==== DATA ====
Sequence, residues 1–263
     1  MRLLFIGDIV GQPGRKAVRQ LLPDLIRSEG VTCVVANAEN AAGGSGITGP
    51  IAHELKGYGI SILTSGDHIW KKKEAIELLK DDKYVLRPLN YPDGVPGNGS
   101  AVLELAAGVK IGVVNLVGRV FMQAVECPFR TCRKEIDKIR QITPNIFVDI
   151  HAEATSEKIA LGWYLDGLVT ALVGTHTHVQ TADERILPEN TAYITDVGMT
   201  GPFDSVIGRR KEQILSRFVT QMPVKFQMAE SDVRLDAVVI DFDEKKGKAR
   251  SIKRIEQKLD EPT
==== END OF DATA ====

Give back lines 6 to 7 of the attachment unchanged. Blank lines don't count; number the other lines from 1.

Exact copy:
   201  GPFDSVIGRR KEQILSRFVT QMPVKFQMAE SDVRLDAVVI DFDEKKGKAR
   251  SIKRIEQKLD EPT